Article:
The Birth of a Nation (2016) Movie Review

Tuesday, June 7, 2016

The Birth of a Nation (2016)

The Birth of a Nation (2016) Movie Review

An enthralling directorial debut
Nate parker writes, produces, acts, and directs this landmark in American history. The story of Nat Turner is one that is relatively uncharted territory in the realm of cinema, with that being said, Nate Parker does a great job of of telling the story, albeit a little shortsighted as to the backlash that transpired afterwards. 

Also, I don't know what this other critic user is talking about in regards to calling this movie, "racist crap" and giving it a 1 out of 10. The movie tells the story of a rebellious slave who does whatever he needs to, to achieve freedom from the oppressive south. With that being said, his story simply tells the truth of our nations racial relations at this time. In this particular context, Blacks and whites surely were not singing kumbaya, our relationship was highly one-sided, volatile, and largely disturbing. So, to anyone who is not prepared to see a small glimpse of historical truth in regards to our nations past, do not see this movie. You'll just end up like this other user, offended because this movie doesn't depict white people as saviors, heroes, etc, like most depicts a more sinister side that too often goes untold, unseen, and therefore, unnoticed.

An unflinching telling of history, the Sundance breakout of 2016

The title, 'The Birth of a Nation', is a reclaiming of the same title associated with the 1915 D.W. Griffith silent film. Griffith's movie was the first epic of its kind but is a blatant and spooky glorification of the Klu Klux Klan from today's lens. It's been a blemish that can't be concealed in cinematic history since its release. Nate Parker's story repurposes the title as a symbol of how this country was built on the backbones of enslaved Africans and their unavoidable connection to a country founded on the pursuit of freedom. It's a brilliant way to shelve Griffith's film, which is an important movie for historical and cinematic study but like the Confederate Flag has no place in today's world. Parker's 2016 film most certainly does.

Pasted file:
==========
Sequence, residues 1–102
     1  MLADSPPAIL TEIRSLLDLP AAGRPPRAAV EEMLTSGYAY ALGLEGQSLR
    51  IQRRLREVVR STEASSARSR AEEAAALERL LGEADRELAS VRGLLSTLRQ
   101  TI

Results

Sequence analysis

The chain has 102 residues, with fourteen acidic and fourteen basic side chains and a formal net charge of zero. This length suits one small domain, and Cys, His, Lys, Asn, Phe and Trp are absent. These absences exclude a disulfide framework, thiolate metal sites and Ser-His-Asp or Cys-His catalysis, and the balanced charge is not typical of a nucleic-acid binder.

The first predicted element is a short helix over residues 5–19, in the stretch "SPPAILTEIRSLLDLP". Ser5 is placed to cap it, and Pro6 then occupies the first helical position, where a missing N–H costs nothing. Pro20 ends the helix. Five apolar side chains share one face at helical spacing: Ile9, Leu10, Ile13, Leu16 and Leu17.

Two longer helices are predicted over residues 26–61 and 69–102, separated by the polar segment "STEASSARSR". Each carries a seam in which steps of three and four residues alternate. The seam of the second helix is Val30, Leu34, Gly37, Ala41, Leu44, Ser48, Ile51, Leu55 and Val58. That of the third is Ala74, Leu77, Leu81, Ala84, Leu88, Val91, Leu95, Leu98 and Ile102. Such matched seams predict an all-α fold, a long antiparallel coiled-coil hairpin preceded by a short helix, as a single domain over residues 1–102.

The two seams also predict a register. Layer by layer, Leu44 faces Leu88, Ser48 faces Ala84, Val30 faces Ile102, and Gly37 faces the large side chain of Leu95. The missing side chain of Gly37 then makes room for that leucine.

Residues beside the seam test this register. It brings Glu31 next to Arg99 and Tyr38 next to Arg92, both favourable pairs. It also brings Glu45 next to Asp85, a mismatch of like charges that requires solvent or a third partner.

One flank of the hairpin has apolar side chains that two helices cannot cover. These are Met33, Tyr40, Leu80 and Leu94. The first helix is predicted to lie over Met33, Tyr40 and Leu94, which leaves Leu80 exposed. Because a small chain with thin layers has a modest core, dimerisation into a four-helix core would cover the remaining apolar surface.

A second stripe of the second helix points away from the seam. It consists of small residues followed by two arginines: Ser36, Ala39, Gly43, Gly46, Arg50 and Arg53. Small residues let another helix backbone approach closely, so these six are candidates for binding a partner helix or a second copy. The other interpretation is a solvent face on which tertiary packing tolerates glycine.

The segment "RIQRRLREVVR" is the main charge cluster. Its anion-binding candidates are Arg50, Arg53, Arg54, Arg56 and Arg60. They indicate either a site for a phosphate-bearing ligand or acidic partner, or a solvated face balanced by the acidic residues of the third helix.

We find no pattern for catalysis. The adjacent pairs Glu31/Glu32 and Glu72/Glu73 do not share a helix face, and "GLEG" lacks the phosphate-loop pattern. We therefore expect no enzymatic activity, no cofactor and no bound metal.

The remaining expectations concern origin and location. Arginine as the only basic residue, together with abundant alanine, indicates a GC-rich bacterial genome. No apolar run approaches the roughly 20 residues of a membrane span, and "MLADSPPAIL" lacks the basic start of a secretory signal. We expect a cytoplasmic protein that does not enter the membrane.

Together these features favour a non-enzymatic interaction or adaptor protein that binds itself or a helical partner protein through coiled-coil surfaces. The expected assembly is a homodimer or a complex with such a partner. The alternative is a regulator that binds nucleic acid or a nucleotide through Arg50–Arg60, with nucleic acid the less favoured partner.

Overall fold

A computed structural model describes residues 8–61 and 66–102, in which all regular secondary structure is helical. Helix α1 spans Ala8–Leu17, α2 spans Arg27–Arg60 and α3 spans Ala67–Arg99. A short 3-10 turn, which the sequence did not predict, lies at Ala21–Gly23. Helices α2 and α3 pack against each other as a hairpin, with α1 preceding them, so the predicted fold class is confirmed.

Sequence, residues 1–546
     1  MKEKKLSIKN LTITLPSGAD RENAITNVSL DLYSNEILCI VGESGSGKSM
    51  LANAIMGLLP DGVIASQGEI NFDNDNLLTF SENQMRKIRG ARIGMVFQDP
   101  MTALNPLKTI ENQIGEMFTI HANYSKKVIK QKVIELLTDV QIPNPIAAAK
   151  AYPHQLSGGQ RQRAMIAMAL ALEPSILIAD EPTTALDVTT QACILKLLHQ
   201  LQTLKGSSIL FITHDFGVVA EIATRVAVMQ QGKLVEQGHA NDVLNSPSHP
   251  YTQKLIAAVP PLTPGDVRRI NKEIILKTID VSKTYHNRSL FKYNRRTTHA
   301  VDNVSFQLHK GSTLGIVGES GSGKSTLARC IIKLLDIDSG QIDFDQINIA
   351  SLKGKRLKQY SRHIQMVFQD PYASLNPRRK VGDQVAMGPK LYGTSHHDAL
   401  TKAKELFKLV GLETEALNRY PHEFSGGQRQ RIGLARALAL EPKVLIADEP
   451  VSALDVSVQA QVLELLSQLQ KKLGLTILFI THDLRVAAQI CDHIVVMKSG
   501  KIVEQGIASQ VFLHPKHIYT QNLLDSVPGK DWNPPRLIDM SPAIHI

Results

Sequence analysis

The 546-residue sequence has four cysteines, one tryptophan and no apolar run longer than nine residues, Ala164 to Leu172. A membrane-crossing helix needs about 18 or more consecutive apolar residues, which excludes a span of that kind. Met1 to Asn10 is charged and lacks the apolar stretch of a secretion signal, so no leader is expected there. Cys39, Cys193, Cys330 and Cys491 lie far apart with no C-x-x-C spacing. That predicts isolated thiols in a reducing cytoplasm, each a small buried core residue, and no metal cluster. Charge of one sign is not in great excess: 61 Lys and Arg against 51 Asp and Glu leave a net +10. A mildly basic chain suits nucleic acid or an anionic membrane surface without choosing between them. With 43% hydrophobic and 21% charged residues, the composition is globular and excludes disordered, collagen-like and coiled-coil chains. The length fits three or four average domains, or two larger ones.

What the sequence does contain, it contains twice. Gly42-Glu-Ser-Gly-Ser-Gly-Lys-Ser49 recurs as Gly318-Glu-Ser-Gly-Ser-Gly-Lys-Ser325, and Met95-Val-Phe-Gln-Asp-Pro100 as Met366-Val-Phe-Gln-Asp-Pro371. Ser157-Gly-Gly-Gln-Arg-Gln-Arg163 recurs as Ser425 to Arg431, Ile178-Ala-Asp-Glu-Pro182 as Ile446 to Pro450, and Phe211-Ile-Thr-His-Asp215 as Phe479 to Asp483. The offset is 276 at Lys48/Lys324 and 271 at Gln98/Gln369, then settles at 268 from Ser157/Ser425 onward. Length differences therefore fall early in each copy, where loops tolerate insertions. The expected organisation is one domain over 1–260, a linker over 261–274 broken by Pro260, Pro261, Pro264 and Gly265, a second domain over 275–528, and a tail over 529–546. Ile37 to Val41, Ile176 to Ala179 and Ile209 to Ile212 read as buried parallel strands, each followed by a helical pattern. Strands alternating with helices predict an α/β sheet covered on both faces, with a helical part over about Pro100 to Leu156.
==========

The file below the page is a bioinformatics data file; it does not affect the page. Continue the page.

Turner was born a slave but early on was unusually taught to read from the Bible, and would grow up to become a preacher. Through studying the Bible while living in the midst of slavery (which as Parker put it, "allowed nobody to go to sleep without a guilty conscience"), Turner reaches a point where he can no longer stay silent about the cruel injustice that, in this world, is a daily routine. At a certain point, he is tired of the slave owners abusing scripture passages to make their slaves submissive and moves toward radical action as the only path to freedom.

One area where Parker shines is his depiction of the women in this world. I would advocate for calling this a feminist piece, which will get overlooked given its a movie where race is the forefront of the conversation. A slew of strong women play pivotal roles in the cast: Turner's grandmother, mother, eventual wife, along with Mistress Turner, the white baroness of the plantation Nat lives on (Aunjanue Ellis, Aja Naomi King, and Penelope Ann Miller). Multiple other women are essential to the story as well. These women play a massive role in his life and are never reduced to bit roles. It's a rarity for a male director to make so much room for prominent female roles (not to mention especially in a historical film).

Overall, 'The Birth of a Nation' strikes a chord that the industry needs to feel right now and that the audience will experience upon its release. In the wake of #OscarsSoWhite and the lack of media representation, Parker's unflinching telling of history invites the public to experience a part of this nation's formation and legacy that may not be well known to the general public, and as Paker emphasizes, reflect on why it matters today.

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